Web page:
White Paper

List 2 Changes Induced by the Internet and WWW

  •  E-mail, E-search, E-shopping, Web Portals and e-trading are commonly known changes evolved over time (referred to List 1)

  • 1993, Mosaic takes the Internet by storm; WWW proliferates at a 341,634% annual growth rate of service traffic. Gopher's growth is 997%; White House comes on-line, www.whitehouse.gov and president@whitehouse.gov

  • 1994, Pizza Hut offers pizza ordering on its Web page; First Virtual, the first cyberbank, opens; Shopping malls arrive on the Internet; First cyberstation, RT-FM, broadcasts from Interop in Las Vegas; NSFNET traffic passes 10 trillion bytes/month; WWW edges out telnet to become 2nd most popular service on the Net (behind ftp-data) based on % of packets and bytes traffic distribution on NSFNET; Arizona law firm of Canter & Siegel "spams" the Internet with email advertising green card lottery services

  • 1994, ARPANET/Internet celebrates 25th anniversary; The first banner ads appear on hotwired.com in October. They were for Zima (a beverage)

  • 1995, WWW surpasses ftp-data in March as the service with greatest traffic on NSFNet based on packet count, and in April based on byte count; A number of Net related companies go public, with Netscape leading the pack with the 3rd largest ever NASDAQ IPO share value; RealAudio offers near-realtime audio on the Net

  • 1995, Domain name registration no longer free; NSF announced access to NSFNET backbone via 4 access providers; $50 domain fee imposed

  • 1995, technology of the year: WWW and Search Engine

  • 1996, technology of the year: Search engines, JAVA and Internet phone

  • 1996, Internet phones catch the attention of US telecommunication companies who ask the US Congress to ban the technology (which has been around for years); The controversial US Communications Decency Act (CDA) becomes law in the US in order to prohibit distribution of indecent materials over the Net. A few months later a three-judge panel imposes an injunction against its enforcement. Supreme Court unanimously rules most of it unconstitutional in 1997; The WWW browser war, fought primarily between Netscape and Microsoft, has rushed in a new age in software development, whereby new releases are made quarterly with the help of Internet users eager to test upcoming (beta) versions.

  • 1996, Restrictions on Internet use around the world:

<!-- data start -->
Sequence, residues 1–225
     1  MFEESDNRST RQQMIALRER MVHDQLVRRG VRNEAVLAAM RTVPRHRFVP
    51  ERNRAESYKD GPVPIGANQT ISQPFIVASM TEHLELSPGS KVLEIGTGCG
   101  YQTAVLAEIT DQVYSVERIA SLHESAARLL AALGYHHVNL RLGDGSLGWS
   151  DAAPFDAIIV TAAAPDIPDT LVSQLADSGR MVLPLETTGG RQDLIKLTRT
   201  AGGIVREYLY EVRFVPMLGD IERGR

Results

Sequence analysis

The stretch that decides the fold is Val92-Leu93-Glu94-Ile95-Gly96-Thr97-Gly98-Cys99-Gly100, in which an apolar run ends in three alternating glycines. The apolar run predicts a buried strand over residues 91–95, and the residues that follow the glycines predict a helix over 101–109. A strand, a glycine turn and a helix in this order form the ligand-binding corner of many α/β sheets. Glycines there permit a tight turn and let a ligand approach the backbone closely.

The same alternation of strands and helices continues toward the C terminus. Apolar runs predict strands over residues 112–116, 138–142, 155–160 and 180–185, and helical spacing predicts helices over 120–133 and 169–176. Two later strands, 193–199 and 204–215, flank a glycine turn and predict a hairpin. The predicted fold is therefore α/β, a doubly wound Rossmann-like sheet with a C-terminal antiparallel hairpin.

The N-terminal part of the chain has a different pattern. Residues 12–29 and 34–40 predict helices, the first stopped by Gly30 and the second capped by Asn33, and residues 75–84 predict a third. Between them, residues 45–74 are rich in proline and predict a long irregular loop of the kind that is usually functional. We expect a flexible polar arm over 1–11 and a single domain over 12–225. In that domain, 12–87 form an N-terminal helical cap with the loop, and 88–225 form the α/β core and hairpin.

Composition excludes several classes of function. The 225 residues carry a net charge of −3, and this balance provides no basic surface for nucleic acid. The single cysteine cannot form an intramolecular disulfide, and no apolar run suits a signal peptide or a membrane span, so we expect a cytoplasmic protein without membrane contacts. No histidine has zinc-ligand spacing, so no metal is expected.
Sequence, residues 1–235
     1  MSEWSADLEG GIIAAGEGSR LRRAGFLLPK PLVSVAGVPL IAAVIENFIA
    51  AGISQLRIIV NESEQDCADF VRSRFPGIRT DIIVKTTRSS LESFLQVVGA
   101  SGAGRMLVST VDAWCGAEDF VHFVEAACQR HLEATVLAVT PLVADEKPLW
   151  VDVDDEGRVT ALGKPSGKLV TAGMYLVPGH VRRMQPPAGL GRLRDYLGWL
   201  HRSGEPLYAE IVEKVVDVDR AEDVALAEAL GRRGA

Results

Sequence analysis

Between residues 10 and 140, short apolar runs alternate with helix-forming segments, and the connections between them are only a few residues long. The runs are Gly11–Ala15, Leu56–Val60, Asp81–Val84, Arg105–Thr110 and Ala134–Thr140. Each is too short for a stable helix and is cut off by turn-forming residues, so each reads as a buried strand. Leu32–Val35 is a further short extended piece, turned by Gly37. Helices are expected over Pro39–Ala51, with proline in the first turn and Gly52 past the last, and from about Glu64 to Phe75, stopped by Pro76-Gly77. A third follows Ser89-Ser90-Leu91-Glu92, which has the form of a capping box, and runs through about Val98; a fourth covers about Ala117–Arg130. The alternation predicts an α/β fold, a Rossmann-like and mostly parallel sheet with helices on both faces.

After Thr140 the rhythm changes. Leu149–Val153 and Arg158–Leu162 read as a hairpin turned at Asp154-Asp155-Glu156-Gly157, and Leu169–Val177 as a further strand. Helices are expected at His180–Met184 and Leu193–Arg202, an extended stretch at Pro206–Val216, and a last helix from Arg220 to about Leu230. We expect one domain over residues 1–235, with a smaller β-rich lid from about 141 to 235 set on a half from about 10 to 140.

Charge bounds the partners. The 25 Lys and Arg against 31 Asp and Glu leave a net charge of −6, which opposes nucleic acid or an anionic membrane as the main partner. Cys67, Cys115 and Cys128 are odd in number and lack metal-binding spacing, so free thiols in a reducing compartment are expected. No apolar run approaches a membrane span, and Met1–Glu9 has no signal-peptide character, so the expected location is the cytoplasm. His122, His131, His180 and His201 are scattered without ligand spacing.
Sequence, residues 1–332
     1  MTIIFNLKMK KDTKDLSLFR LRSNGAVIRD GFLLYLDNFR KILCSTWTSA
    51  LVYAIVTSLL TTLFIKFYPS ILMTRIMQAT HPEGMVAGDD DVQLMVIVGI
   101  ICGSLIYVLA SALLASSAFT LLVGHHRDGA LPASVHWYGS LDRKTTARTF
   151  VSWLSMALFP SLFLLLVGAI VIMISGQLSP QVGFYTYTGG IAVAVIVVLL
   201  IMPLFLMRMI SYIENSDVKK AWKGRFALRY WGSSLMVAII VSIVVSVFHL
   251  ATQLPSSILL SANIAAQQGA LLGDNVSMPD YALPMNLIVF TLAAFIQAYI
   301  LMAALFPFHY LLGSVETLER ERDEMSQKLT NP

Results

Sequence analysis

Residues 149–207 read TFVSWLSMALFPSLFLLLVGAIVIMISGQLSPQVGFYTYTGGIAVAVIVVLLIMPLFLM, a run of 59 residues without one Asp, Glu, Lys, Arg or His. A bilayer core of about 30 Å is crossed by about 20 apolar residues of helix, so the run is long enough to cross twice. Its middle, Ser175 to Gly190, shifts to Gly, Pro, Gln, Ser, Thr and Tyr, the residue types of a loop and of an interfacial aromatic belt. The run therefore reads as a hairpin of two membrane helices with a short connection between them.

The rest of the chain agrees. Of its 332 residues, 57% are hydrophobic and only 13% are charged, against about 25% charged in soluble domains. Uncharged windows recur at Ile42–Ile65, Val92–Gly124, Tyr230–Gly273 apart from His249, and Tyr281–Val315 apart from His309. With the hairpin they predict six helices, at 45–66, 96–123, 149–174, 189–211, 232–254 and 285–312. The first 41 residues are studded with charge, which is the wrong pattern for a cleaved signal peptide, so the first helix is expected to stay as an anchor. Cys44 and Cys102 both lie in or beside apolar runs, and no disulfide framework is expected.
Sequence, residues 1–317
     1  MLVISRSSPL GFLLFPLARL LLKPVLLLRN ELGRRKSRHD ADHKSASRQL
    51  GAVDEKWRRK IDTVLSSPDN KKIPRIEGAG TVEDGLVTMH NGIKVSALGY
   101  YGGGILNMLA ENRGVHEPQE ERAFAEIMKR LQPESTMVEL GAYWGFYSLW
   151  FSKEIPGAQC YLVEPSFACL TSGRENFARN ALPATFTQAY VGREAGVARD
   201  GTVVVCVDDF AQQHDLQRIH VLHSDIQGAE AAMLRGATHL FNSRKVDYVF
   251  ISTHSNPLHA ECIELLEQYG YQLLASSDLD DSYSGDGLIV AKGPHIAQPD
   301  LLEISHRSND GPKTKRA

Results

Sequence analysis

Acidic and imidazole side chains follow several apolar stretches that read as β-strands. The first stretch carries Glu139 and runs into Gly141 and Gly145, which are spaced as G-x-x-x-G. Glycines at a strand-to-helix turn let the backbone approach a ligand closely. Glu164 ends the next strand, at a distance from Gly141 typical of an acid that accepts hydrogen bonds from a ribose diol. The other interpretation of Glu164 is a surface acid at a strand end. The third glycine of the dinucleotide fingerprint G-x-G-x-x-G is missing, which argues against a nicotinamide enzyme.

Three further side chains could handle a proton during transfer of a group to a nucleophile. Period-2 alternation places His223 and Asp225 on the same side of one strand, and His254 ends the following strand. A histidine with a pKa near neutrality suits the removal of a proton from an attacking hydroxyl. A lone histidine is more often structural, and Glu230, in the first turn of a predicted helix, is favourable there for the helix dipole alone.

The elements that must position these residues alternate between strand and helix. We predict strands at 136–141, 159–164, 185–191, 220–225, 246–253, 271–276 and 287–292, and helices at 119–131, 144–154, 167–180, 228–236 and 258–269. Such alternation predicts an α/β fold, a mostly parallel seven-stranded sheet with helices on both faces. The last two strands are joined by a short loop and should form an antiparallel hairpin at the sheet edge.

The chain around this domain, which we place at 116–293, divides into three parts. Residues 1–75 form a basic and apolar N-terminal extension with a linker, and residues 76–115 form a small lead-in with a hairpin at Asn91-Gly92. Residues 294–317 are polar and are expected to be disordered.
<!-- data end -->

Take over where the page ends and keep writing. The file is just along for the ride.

• China: requires users and ISPs to register with the police
    Germany: cuts off access to some newsgroups carried on CompuServe
    Saudi Arabia: confines Internet access to universities and hospitals
    Singapore: requires political and religious content providers to register with the state
    New Zealand: classifies computer disks as "publications" that can be censored and seized

  • 1997, Domain name (business.com) sold for US$150,000

  • 1997, Technologies of the Year: Push, Multicasting

  • 1998, Web size estimates range between 275 (Digital) and 320 (NEC) million pages for 1Q; Internet users get to be judges in a performance by 12 world champion ice skaters on 27 March, marking the first time a television sport show's outcome is determined by its viewers

  • 1998, Electronic postal stamps become a reality, with the US Postal Service allowing stamps to be purchased and downloaded for printing from the Web; Compaq pays US$3.3million for altavista.com

  • 1998, Technologies of the Year: E-Commerce, E-Auctions, Portals

  • 1999, Technologies of the Year: E-Trade, Online Banking, MP3

  • 2000, A massive denial of service attack is launched against major web sites, including Yahoo, Amazon, and eBay in early February, Web size estimates by NEC-RI and Inktomi surpass 1 billion indexable pages

  • 2000, Technologies of the Year: ASP, Napster

  • 2001, The first live distributed musical -- The Technophobe & The Madman -- over Internet2 networks debuts on 20 Feb; VeriSign extends its multilingual domain testbed to encompass various European languages (26 Feb), and later the full Unicode character set (5 Apr) opening up most of the world's languages; Forwarding email in Australia becomes illegal with the passing of the Digital Agenda Act, as it is seen as a technical infringement of personal copyright (4 Mar)

  • 2001, Radio stations broadcasting over the Web go silent over royalty disputes (10 Apr); Napster keeps finding itself embroiled in litigation and is eventually forced to suspend service; it comes back later in the year as a subscription service; .biz and .info are added to the root server on 27 June with registrations beginning in July; .biz domain go live on 7 Nov.

  • 2002. US ISP Association (USISPA) is created from the former CIX (11 Jan)

      Acknowledgement and References: many web sources including http://www.isoc.org/internet/history/ http://www.zakon.org/robert/internet/timeline were consulted in compiling the above list for the purpose of this paper.